During the second day of Loos, when the assault had been completely defeated, the donkeys insisted that a fresh attempt be made. Twelve battalions, nearly 10,000 men, went forward. “In the three and a half hours of the actual battle, their casualties were 385 officers and 7,861 men. The Germans suffered no casualties at all.”

Much worse was to come in 1916. Different men, same donkeys.

The reason to continue to read “The Donkeys” is that America in 2017 is in the same case as Britain in 1915. Our military commanders have not won a war in 70 years, and the reasons have everything  to with incompetent leadership, military and civilian. (Clark lambastes the civilians of 1915 as well.) We can tell ourselves that we have the best military in the world, and if we do we are likely to use it, but thinking it so does not make it so.  

Friday, April 14, 2017

Makes me wonder

If Facebook is, as some of my rightwing friends claim, a left-leaning business, why does it force Ann  Coulter's racist taunts onto my news feed?

Has-been, except on Facebook

* * *

The other evening, I found myself at a soiree for an international conference of libertarian economists.  One I talked with is the administrator of the Liberty Fund, which publishes pro-slavery books in lavish editions sold at very low prices in an attempt to, I must suppose, get our young people on board with slavery.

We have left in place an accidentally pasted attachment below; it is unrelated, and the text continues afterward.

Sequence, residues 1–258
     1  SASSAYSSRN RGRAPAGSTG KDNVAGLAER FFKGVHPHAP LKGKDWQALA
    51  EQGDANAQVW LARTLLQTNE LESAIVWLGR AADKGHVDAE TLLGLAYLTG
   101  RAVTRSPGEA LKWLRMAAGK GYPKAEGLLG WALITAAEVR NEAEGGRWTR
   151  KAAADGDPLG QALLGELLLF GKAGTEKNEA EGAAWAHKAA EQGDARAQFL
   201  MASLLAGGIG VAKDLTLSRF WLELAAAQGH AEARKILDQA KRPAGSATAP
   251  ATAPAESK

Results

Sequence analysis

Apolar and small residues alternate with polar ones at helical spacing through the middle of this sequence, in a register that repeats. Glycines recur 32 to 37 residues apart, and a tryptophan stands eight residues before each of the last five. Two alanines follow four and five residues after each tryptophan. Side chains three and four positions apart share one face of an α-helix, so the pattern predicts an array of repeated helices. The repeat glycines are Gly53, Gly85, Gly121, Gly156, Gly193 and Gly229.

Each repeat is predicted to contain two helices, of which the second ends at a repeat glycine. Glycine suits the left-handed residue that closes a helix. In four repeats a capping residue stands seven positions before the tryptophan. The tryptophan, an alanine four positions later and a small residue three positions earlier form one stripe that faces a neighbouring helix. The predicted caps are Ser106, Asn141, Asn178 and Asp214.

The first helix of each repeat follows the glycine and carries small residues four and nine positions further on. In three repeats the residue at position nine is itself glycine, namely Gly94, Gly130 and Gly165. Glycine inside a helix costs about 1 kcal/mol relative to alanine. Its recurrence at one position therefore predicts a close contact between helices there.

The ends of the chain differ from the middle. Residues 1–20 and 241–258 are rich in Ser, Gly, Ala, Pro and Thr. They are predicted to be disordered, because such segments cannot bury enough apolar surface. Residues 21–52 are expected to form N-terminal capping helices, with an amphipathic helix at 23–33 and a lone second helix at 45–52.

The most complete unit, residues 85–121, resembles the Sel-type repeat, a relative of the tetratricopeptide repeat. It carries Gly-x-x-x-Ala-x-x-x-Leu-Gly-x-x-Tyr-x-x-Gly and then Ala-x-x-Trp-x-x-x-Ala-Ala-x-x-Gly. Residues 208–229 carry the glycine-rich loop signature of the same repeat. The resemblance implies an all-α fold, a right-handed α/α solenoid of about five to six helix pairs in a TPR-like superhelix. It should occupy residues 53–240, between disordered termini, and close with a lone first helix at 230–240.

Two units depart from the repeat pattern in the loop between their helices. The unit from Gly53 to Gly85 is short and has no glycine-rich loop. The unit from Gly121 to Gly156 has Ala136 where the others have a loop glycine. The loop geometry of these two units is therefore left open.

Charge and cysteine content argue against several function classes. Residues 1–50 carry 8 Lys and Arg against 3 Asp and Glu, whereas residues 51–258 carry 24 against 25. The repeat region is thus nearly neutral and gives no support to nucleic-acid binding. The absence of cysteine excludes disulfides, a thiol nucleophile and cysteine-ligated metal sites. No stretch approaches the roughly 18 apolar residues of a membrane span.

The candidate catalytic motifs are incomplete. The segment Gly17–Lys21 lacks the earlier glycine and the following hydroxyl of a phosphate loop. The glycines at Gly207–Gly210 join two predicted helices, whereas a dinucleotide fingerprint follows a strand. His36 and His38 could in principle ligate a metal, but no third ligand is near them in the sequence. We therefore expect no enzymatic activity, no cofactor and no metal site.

He told the friend who  dragged me to the soiree that Liberty Fund has an endowment of $500,000,000.00. I did not learn which billionaires ponied up for that, but I am sure they expect value for money.

Senator Elizabeth Warren says (I am sure it is not original with her) that if you're not on the guest list, you're on the menu.

* * *

Weird. When I asked Google Images to find me a picture of Coulter, it offered me a SafeSearch option to save me from any "explicit images." That's the first time Google Images has ever worried about my fee-fees in that respect .

Friday, April 7, 2017

Snyder "On Tyranny"

ON TYRANNY: Twenty Lessons from the Twentieth Century, by Timothy Snyder, 126 pages, Duggan paperback, $7.99

Timothy Snyder is a Yale historian who has immersed himself in the story of eastern Europe during the 20th century, in a series of powerful books (including “Bloodlands,” reviewed at RtO on
Aug. 21, 2016). That was a grim tale, repeated thrice: after 1918, 1945 and 1990, states formed as democracies but soon evolved into fascism, Naziism or communism.

Now in “On Tyranny,” he warns it could happen in America, and is already happening in other countries. His prophylactic is history, his antidote political action. And he is deeply alarmed:

“We can be sure that the elections of 2018, assuming they take place, will be a test of American traditions. So there is much to do in the meantime.” As I type this, the Republicans have just ratified, by the confirmation of Judge Gorsuch,  what they told us a year ago, that they hold American traditions in deep contempt.

So if anyone is going to do anything, it won’t be the Republicans.